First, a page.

Fishing Lines: You had to mind your tackle when the naked chef was on the bank

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The Independent Online

Fred wouldn't have liked it. Always a man to speak his mind, Fred would have roasted the caterer for putting on such a miserable spread.

He would have been appalled to see guests nibbling at crisps and sausage rolls, furious when even this minimal fare was exhausted. And he wouldhave been incandescent with rage that it should happen athis funeral.

His idea of entertaining was to barbecue a whole cow, maybe two if there were more than a dozen people. Fred's time as an Army cook meant that he didn't skimp on rations for the troops. His legendary blowouts were not for vegetarians.

He had been brought up to live off the land. Trout and teal, mullet and mallard: Fredcooked the lot, and often all together. His gameburgerswere legendary (though the recipe goes to the grave with him). And his 1979 book 'One for the Pot' was ill-named. Only when things were truly desperate would Fred have settled for just one.

He especially liked rabbit.The author of a classic book on ferreting and another called 'Rabbiting Man', he probablydid more damage to the rabbit population than a decadeof myxomatosis.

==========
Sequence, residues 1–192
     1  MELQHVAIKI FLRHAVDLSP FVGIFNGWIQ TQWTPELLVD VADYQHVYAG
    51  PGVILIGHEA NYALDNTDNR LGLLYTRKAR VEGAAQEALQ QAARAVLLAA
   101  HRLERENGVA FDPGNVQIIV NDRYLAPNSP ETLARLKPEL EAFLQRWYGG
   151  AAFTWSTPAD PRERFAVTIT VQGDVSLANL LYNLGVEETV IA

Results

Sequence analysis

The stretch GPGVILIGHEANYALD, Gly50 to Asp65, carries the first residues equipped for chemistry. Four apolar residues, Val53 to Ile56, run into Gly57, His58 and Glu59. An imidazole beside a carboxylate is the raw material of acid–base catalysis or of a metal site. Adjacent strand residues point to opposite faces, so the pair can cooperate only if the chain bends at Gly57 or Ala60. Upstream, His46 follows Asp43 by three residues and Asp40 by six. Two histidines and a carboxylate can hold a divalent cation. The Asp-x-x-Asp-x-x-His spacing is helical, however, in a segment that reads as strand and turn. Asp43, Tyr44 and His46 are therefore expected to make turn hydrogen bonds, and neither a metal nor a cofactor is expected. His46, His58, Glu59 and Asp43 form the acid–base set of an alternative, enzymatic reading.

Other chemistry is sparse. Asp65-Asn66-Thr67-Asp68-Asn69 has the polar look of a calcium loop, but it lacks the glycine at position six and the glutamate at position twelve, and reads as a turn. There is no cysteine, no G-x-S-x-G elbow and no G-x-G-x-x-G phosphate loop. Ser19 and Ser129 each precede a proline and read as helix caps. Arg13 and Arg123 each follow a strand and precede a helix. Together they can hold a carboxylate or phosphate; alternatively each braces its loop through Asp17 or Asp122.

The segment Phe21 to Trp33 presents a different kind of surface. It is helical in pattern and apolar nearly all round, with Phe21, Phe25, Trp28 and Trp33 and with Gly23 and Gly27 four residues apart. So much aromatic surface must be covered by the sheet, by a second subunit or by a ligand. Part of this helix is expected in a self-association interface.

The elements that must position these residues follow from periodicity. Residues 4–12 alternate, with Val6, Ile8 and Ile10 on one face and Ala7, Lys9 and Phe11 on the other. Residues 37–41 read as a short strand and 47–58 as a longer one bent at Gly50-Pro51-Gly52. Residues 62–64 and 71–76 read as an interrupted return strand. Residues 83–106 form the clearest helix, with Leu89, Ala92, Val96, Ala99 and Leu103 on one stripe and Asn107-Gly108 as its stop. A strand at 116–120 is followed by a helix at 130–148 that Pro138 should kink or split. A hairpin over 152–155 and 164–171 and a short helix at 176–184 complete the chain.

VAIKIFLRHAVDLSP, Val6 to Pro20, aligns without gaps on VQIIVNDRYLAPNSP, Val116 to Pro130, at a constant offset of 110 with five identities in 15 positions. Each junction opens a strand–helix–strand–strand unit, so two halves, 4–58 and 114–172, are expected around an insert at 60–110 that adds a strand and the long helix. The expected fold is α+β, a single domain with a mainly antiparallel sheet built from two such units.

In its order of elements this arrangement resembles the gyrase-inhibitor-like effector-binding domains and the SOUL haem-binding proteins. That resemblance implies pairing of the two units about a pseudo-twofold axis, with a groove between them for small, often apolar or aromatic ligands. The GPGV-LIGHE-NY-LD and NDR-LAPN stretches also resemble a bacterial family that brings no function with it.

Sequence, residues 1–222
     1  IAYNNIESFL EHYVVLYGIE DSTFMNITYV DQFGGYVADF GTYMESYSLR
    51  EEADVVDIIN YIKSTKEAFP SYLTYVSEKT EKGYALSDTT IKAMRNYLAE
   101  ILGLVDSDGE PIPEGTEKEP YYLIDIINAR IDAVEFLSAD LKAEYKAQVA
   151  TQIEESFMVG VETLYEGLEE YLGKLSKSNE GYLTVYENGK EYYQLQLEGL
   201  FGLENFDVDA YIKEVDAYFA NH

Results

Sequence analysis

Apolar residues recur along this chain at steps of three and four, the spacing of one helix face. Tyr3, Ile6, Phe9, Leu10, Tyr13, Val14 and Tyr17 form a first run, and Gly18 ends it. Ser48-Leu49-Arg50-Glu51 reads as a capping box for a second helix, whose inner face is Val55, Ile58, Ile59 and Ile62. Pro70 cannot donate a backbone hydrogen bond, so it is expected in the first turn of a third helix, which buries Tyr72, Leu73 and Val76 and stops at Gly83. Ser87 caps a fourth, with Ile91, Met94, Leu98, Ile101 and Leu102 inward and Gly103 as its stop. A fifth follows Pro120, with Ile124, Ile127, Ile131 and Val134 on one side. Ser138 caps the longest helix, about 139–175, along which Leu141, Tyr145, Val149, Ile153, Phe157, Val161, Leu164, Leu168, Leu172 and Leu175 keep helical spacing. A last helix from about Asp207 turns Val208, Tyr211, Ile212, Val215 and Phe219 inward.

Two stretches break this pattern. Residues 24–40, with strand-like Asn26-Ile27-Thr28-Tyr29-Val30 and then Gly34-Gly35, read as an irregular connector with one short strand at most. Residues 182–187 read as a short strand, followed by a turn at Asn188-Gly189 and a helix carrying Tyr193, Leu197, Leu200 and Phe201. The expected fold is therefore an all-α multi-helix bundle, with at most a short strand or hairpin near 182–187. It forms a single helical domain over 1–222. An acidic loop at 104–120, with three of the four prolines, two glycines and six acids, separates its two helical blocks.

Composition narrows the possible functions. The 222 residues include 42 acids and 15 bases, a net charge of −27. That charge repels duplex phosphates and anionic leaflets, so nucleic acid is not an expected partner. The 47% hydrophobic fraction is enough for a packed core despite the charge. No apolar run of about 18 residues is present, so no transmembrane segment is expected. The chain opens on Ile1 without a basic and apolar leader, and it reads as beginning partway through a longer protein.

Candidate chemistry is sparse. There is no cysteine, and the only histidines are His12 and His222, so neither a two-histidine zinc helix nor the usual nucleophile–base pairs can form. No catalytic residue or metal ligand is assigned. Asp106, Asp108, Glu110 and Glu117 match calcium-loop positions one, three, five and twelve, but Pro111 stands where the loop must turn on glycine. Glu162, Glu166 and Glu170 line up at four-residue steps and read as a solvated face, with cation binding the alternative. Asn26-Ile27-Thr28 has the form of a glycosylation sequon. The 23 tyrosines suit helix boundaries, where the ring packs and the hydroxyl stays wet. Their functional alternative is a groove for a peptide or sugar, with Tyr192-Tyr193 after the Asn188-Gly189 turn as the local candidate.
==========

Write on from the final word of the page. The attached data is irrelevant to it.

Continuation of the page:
Chris Tarrant, battling with tears, told a delightful story about Fred's five-year-old granddaughter saying: "Oi'd really like a rabbit for my birthday, granddad. Oi really would. Oi really, really would. And oi'd eat it all up."

His funeral attracted many angling celebs who came to pay their respects. Fred, after all, had influenced most of them.He was one of the greats. Buthe hid a dark secret.

Sadly, I fished very little with him, only getting to know him properly in the last years of his life, when he was far less mobile. Maybe, after all, I was fortunate. For Tarrant, who adored Fred J, revealed what no one dared to say in those funeral orations: he loved to wander around naked on fishing trips to wild places. When his friends stared in shock, Fred would retort: "What's the matter? Ain't you seen a naked man before?"

Well, yes. But not one weighing almost 20 stone, and shaped like a bowling ball.

And so, courtesy of Chris Tarrant, I can now relate a story that may be the finest epitaphto Fred J Taylor.

With his brother Joe, the carp record-holder Richard Walker and a few others, Fred rented a stretch of the River Kennet. They had invited another renowned angling writer, Peter Wheat, for a weekend's fishing.

But Peter had to drive from Sheffield, and heavy traffic meant that he arrived late. The others had anticipated that he might be having problems, and so had left a note for him.

"Go 100 yards downstream, and fish by the big bush. It deepens off there, and the barbel aren't far out," thenote said.

So Peter set up his tackle, and as the light started to fade he crouched over his rod in anticipation. Suddenly, there was a blood-curdling yell, anda huge, naked man leapt over his head and jumped intothe river.

I don't know what Peter's reaction was, but I'm sure, like so many of us, he won't easily forget Fred J Taylor.